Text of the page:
and pull off which would be written *on* the lines of tab.

                           *** 2.2    HAMMER ONS AND PULL OFFS ***

                           With hammer-ons and pull-offs you might find things like these :


                           which would mean play the open E twice, then hit the A string at the
                           5th fret and hammer on to the 7th fret.

                           Pull offs look very similar :


                           Here we have a descending blues scale using pull-offs to the open
                           strings. For each pull off you only pick the first note of the pair
                           with the right hand - so in this example you would pick all the
                           notes on the 3rd and 2nd frets, and the open strings would be
                           sounded by pulling off.
                           Because you give the string an extra bit of energy when you hammer on
                           and pull off, you only need to hit the first note with the picking hand.
                           You could even have a long string of hammer-ons and pull-offs like
                           this :


                           In this case you only pick the first note.

                           *** 2.3    BENDS   ***

                           When bends are involved you need to know how much to bend the note
                           up. This is indicated by writing a number after the 'b'.
                           For example, if you see this :


                           it means strike the B string at the 7th fret, then bend the note up

                           two semitones (one whole step) so that it sounds the same pitch as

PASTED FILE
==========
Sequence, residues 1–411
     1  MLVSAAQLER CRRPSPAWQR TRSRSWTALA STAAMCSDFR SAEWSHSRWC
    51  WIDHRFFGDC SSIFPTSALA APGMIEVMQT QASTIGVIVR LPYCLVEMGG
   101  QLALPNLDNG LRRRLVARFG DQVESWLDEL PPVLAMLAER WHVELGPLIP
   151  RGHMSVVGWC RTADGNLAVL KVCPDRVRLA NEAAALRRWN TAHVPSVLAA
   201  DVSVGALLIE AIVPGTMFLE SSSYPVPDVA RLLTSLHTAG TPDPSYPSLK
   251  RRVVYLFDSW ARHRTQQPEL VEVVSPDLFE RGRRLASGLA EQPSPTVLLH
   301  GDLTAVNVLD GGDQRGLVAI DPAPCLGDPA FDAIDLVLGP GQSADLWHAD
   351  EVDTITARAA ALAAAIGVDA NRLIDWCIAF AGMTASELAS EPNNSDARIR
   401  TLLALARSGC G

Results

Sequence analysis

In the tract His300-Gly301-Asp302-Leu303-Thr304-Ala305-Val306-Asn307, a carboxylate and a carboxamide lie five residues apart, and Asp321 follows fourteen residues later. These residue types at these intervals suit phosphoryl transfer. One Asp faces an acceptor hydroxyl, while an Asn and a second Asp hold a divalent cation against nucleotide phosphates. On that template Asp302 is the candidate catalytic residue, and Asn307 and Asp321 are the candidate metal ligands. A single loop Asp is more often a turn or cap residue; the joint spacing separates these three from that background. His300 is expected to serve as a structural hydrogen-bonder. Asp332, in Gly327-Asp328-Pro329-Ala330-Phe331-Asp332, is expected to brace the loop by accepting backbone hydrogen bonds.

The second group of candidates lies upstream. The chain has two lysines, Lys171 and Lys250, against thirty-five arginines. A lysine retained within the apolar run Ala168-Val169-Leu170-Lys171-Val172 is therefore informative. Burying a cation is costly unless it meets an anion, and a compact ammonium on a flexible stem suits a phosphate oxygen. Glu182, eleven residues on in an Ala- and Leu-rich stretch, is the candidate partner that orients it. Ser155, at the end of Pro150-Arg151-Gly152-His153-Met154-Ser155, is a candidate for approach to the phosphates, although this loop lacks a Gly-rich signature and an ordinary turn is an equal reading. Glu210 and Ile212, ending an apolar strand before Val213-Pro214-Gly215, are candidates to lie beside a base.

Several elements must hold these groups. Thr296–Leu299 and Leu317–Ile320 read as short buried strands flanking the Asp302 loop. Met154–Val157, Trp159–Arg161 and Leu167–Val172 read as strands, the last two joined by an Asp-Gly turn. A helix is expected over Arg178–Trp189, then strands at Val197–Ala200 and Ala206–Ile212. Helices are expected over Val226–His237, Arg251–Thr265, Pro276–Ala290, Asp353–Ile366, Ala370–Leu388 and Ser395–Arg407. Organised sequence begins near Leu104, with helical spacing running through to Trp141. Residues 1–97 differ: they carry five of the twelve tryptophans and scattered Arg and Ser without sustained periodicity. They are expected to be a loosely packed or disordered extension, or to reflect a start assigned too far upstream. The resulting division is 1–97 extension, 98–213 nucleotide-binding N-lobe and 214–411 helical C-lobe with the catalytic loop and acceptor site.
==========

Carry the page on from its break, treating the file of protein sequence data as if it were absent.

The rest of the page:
a note fretted at the 9th fret would do. (Sometimes the bend is
                           written with the second part in brackets, like this ---7b(9)--- )

                           Something like this :


                           means play the note at the 7th fret, bend up two semitones, strike the
                           note again whilst it is still bent, then release the bend so that the
                           note has it's normal pitch.
                           You sometimes get a note which is bent up only a quarter of a tone or so.
                           In this case it would look a bit strange to write :


                           if you have to bend it up half a fret's worth.
                           Instead it's written as :

                                 bend up 1/4 tone

                           with instructions on how much to bend written above the note.

                           *** 2.4    SLIDES ***

                           The most common symbols used for slides are / for a slide
                           up and \ for a slide down.

                           You might also see 's' used to mean slide.

                           You don't always need separate symbols for 'up' and 'down' slides
                           since a line of TAB reading :



                           is clearly a slide *up* from 7th to 9th fret. However you might
                           also see things like these :


                           where the exact start or finish of a slide is not given. Here you
                           have to know whether you're sliding up or down. In these cases use